• Builder: Harland and Wolff
  • Yard No.: 333
  • Launched: 1900
  • Maiden Voyage: 1901 Liverpool – Cape Town – Sydney
  • Gross Tonnage: 12,531 tons
  • Length: 550.2ft
  • Beam: 63.3ft
  • Decks: 3
  • Funnels: 1
  • Masts: 4
  • Propellers: 2
  • Engines: 2 x four cylinder quadruple expansion
  • Boilers: 4 double ended + 1 single
  • Speed: 14 knots
  • Port of Registry: Liverpool
  • Carrying Capacity: 400 passengers, 100,000 refrigerated carcasses
  • Sister Ships: Afric, Medic, Persic, Runic II (Jubilee Class Liners)

Suevic was the fifth, and final, member of the Jubilee-class liners designed specifically for the White Star Line’s Australian run, the other four being Afric, Medic, Persic and Runic II. Her large refrigerated cargo holds made her the ideal vessel for transporting perishable goods on this route.

She entered into White Star Line service on 9th March 1901, but it wasn’t long before she was requisitioned for use as a troopship, carrying soldiers to Cape Town to fight in the Boer War.


By 1902, Suevic was solely employed on the Australian run, and it was whilst returning from there in 1907 that led, eventually, to one of the most remarkable events in White Star Line history.

On February 2nd, 1907, she left Melbourne under command of her master, Captain Thomas Jones, and was due to call at Cape Town, Tenerife, Plymouth, London and finally Liverpool. She carried 382 passengers, 141 crew, and her holds she carried various items of cargo which included thousands of sheep carcasses to the value of £400,000.

By noon on the 17th March, Suevic was about 140 miles from the Lizard on the Southwest coast of England, a notorious danger spot for shipping for centuries before. Of course the normal procedure for all shipping was to keep well-clear of this treacherous area, however, because of a fog that now enveloped Suevic, the crew could not work out the ship’s position, so the next choice open to them was to fix the vessel’s position using the light from the Lizard lighthouse. This was spotted just after 10.00pm later that day.

Suevic’s officers believed that they were 10 miles or more away from the Lizard, and then made two terrible mistakes. Firstly, they carried-on at full speed, and secondly, they did not use the ship’s sounding line, a lead weight on a marked rope, which tells the user how deep the water below the ship is.

The officers’ estimates of how far away the light was were to be proved drastically wrong, as twenty minutes after sighting the light, Suevic hit the Maenheere Rocks at full speed, only a quarter-of-a-mile from the Lizard. Her bow was seriously damaged, but the mid section and stern, together with the boiler-rooms and the engines, was relatively intact.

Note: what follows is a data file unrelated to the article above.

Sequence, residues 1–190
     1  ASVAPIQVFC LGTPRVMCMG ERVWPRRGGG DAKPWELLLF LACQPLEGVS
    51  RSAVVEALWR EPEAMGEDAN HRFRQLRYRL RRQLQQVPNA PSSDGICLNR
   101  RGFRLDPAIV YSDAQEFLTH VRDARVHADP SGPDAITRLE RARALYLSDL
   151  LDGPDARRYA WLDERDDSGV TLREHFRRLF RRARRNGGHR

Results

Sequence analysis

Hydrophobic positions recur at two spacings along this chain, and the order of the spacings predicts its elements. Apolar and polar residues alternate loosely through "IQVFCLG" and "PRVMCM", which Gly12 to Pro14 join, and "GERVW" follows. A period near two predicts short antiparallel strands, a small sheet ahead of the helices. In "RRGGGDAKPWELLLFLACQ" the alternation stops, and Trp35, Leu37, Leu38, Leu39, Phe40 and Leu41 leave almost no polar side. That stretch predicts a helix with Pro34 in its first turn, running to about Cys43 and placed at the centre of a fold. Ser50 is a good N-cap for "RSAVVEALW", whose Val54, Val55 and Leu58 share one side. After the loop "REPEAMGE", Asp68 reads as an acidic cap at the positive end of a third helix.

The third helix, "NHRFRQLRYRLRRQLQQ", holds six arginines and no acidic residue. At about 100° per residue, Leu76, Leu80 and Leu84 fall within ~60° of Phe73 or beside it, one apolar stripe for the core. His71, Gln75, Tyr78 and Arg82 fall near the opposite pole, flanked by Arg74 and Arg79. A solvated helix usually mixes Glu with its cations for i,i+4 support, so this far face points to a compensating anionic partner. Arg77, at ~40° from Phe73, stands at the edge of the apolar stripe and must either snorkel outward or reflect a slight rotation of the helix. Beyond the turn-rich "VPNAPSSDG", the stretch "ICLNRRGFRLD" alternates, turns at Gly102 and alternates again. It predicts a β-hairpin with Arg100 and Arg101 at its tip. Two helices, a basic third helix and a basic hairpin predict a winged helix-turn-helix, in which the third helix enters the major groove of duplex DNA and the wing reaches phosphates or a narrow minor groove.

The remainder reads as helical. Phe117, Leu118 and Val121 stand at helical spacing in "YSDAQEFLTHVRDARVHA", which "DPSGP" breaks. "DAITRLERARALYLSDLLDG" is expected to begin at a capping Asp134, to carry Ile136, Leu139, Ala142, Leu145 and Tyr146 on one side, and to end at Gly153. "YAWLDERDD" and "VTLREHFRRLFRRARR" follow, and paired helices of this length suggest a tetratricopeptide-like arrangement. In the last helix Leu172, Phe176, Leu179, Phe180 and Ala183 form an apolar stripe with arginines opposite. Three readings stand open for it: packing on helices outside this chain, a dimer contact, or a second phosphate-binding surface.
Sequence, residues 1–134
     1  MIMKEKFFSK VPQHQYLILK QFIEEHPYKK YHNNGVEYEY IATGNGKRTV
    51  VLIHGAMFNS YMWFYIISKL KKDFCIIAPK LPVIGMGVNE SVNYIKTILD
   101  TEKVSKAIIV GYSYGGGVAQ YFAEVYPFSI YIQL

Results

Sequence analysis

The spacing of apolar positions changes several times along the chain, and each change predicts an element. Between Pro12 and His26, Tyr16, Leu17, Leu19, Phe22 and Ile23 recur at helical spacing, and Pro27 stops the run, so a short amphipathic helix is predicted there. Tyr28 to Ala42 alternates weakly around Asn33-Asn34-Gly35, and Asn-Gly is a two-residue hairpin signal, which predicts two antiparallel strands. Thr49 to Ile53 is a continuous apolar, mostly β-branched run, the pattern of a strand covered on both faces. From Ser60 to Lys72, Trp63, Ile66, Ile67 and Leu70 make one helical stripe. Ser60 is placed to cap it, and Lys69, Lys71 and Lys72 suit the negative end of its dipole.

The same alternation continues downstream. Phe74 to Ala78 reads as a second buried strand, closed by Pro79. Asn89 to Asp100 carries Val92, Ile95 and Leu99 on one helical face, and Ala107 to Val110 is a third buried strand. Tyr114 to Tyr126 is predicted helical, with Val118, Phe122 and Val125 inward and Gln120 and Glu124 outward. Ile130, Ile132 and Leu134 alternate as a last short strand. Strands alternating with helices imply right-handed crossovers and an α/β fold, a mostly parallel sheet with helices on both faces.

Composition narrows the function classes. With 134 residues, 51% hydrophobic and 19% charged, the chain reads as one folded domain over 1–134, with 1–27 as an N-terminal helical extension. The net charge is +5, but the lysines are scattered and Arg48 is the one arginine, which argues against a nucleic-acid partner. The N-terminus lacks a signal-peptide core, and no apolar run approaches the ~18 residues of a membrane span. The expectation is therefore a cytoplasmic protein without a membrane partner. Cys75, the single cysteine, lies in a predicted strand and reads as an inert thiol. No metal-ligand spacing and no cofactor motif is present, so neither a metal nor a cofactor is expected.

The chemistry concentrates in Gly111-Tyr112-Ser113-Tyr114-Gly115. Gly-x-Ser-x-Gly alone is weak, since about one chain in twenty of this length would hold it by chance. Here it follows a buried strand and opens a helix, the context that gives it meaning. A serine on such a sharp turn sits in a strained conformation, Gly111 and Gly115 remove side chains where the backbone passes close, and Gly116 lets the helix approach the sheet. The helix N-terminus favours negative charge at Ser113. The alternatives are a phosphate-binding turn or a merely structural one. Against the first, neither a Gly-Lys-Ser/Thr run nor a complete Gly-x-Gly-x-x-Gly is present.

After some initial attempts at trying to back the stricken vessel off the rocks by running both of the remarkably undamaged engines at full astern, Captain Jones ordered the firing of the ship’s distress rockets, although because of the way the ship was grounded, there seemed to be no immediate danger of the ship sinking. A local rescue effort was launched, and all of the passengers were taken ashore at daybreak the next morning. At least one of Suevic’s crew would later serve on Titanic. Stewardess Katherine Gold, 35, was also present when Olympic was in collision with HMS Hawke in 1911!

For the next nine days, various vessels were used to try to pull Suevic from her position on the Maenheere Rocks, but she was stuck firm, and the White Star Line were now faced with a stark decision. They could either abandon the six-year old vessel where she lay, or they could separate the damaged bow from the rest of the vessel and salvage the rear section, and make a new bow section. They chose the latter, and by April 2nd, the 212-foot long bow had been cut-off from the rest of the ship at a point just behind the bridge, using nothing more than carefully placed charges of dynamite. (Actually, although this sounds quite dangerous, a skilled operator could use just the right amount of charge to remove a rivet head.)

The stern was pulled away from the bow, and in a remarkable demonstration of the effectiveness of Suevic’s watertight compartments, she sailed, under her own steam, and in reverse, to Southampton, where there was a dry-dock waiting for her, although tugs were used to steer her safely.

A completely new forward hull section was fabricated at Harland and Wolff’s Belfast yard, which was towed to Southampton in the middle of October. This was moved into position on 4th November, and the relatively easy way in which the two halves were connected speaks volumes for the craftsmen of Harland and Wolff.

Suevic was jokingly awarded the title ‘Longest Ship In The World’, the reason being that ‘her bow was in Belfast, whilst her stern was in Southampton!

All of the expense and hard work was not in vain, as Suevic was a good servant to the White Star Line, and no doubt repaid the cost of her incredible repair many times over, until she was sold in October 1928 for £35,000 to a Norwegian company who converted her into a whaling factory ship and renamed her Skytteren.

Skytteren was sunk on 1st April 1942 by a German vessel whilst trying to escape to Britain.